Ready Player One is one for the geeks - set largely in a futuristic world all around an immersive MMO but packed to the gills with 80s references.
What about zombie SF? Mira Grant's Newsflesh Trilogy is good. Focus is more on world where people blog about zombies than actually flesh-eating zombie stuff.
Non-fic, best ones I've read in recent years are No Envy: Real Lives in North Korea and The Secret Race: Inside the Hidden World of the Tour de France. Very different subjects but utterly compelling.
This is all great, many thanks! Real books not kindle atm, and ideally things I can get from the library (most stuff as we have free online ordering across the county)
Not too keen on overly dark/violent fantasy (wasn't keen on the Farseer books, though I did quite like the Robin hobb dragon seriesor). Felix Castor definitely sounds like the kind of light reading I like.
mynameisred - Among Muslims sounds really interesting, have read Nothing to Envy & found it fascinating, will also look out for the Tour de france one (did you read my bike comments on the practical vs romantic dh thread?? )
Cote, agree it is funny going back & re-reading sci-fi esp some of the early cyberpunk stuff & seeing how many things we now do have for real.
not exactly what you've asked for but a fantastic read is Wolf Hall by Hilary Mantel - about Thomas Cromwell.
RiverTam, I've got A Place of Greater Safety lined up for winter - I need a long dark evening (or a long train journey) to get into more substantial novels.
Wheel of Time series by Robert Jordan
He was good friends with G R R Martin, but his books are nothing like the Game of Thrones novels. There are 15 of the books but they are set over only a two year period.
I am a bit of a fan
"The Girl with all the Gifts" by MR Carey. Dystopian/ zombie but really well written and gripping. He's written another series that I read years ago that was excellent (about a wizard/ necromancer) that was also good and I'm thinking of re-reading!
Benedict Jacka's Cursed / Fated / Chosen / Taken - light urban fantasy, like Jim Butcher / Mike Carey and set in London, well written and funny
I second Patrick Rothfuss - great books for hanging about though if you miss a train / plane / lose a family member don't blame me...
World War Z is very good (and I don't read zombie stuff)
Felix Castor is an easyish read, but not light really - plots themselves are quite dark and twisty or can be. His best friend has got a demon in him. He investigates a lot of deaths. They are 'light' in the sense that I enjoy them and find urban fantasy generally easier to read than SF or epic fantasy, but not in theme, if you know what I mean?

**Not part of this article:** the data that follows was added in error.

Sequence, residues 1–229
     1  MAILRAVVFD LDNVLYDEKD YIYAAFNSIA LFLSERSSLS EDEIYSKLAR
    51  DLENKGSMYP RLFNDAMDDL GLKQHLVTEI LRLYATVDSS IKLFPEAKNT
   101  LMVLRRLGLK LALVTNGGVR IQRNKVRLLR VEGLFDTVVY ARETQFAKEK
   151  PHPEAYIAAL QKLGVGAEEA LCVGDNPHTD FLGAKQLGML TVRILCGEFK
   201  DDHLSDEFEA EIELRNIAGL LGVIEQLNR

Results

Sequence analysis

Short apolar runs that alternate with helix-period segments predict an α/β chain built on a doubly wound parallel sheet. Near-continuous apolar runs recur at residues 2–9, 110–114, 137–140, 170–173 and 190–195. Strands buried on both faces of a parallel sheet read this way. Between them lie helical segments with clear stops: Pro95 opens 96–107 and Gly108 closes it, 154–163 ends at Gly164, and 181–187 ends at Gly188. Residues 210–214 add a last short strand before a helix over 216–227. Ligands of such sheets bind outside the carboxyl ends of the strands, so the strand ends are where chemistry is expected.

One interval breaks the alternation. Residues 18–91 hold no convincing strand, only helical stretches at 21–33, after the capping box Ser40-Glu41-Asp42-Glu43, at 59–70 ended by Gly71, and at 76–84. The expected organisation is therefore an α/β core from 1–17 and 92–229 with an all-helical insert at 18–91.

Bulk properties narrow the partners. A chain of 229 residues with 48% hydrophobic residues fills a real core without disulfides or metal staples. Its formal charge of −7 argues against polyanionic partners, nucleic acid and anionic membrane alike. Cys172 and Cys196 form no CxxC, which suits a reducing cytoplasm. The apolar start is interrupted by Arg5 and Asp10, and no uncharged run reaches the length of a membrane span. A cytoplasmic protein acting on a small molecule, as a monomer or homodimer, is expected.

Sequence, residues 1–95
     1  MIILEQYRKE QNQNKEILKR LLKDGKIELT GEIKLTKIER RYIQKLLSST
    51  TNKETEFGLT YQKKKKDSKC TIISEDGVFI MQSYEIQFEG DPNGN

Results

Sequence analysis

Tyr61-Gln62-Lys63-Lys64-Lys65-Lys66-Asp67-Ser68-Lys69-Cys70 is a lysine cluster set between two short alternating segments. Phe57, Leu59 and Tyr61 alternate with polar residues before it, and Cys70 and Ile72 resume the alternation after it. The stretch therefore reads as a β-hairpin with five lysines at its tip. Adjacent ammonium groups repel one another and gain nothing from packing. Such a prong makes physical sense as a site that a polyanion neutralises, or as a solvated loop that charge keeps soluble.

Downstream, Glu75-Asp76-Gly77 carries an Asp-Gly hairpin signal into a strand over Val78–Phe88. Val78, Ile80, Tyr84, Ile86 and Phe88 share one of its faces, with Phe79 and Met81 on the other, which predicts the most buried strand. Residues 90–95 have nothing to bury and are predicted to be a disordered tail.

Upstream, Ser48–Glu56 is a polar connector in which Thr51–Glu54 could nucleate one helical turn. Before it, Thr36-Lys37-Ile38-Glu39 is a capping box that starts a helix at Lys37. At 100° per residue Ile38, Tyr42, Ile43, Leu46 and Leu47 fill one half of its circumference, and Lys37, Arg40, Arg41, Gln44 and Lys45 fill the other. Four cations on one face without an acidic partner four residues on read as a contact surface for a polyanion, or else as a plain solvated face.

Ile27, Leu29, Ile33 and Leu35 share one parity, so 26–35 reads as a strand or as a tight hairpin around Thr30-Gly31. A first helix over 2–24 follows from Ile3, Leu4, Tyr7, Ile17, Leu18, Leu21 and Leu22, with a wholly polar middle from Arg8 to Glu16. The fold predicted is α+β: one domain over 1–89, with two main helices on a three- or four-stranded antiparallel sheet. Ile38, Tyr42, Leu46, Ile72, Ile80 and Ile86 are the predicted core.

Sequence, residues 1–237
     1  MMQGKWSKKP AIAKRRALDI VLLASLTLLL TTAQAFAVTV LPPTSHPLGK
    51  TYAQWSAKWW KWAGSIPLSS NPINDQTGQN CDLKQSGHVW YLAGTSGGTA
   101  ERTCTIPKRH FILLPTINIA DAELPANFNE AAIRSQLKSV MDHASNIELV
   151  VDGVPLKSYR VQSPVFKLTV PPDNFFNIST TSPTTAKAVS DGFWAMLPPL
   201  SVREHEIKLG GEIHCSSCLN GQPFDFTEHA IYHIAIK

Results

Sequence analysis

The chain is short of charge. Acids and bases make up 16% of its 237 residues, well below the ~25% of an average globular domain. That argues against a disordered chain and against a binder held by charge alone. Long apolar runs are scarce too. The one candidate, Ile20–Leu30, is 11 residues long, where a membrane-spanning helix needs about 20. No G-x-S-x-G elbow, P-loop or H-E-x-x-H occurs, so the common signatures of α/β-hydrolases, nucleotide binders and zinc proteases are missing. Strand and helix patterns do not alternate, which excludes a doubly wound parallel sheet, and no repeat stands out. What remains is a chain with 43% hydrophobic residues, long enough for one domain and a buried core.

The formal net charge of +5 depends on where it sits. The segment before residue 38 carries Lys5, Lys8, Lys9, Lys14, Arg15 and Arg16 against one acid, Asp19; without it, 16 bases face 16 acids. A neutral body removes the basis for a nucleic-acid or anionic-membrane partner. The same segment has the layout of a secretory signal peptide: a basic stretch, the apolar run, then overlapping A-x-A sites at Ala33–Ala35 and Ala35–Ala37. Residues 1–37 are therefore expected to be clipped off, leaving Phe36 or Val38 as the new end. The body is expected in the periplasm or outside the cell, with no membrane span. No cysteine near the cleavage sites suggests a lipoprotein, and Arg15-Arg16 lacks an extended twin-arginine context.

Have you read any Trudi Canavan? I mention her just because I always see her books in my library and the Black magician trilogy was quite cliched but readable fluff.
Didn't see your bike comments! I haven't been on a bike in 12 years though and still liked Tour de France book
More books I've enjoyed recently include:
The Golem and the Jinni - a Golem and a Jinni separately arrive in New York in 1899. It's about immigration and prejudice as much as supernatural beings.
The Martian - Astronaut is accidentally abandoned on Mars when crew think he's been killed. Then has to survive as long as he can until he can potentially get picked up again. But there's no food, little water, etc. First person, really quite fun.
Ancillary Justice - a soldier who used to be part of the mind of a ship seeks vengeance. V cool.
More Non-fic: Quiet the Power of Introversion (basically how introverts are supercool and awesome, so maybe give a miss if you're an extrovert).
Or Orange is the New Black? (not as exciting as the TV show)
Or For Richer, for Poorer, a love affair with poker (oldish book from Victoria Coren, good though).
Everyone in my Goodreads book groups seems to read a LOT of Brandon Sanderson. They're not for me, but could be worth a try. Mistborn was quite good. He likes his magic rules.
I like the Look Inside feature on Amazon (plus reviews from there and Goodreads) to give me an idea of whether I'll like something or not.
I've just read Nexus which I loved. There's a second one too whose name I can;t remember, it felt a bit more rushed but still an interesting concept.
I'm not madly keen on Brandon Sanderson either, Hamster - I thought the first Mistborn one was an interesting idea, but the sequels didn't live up to it, and couldn't get on with his others. Agree Trudi Canavan is amusing if lightweight.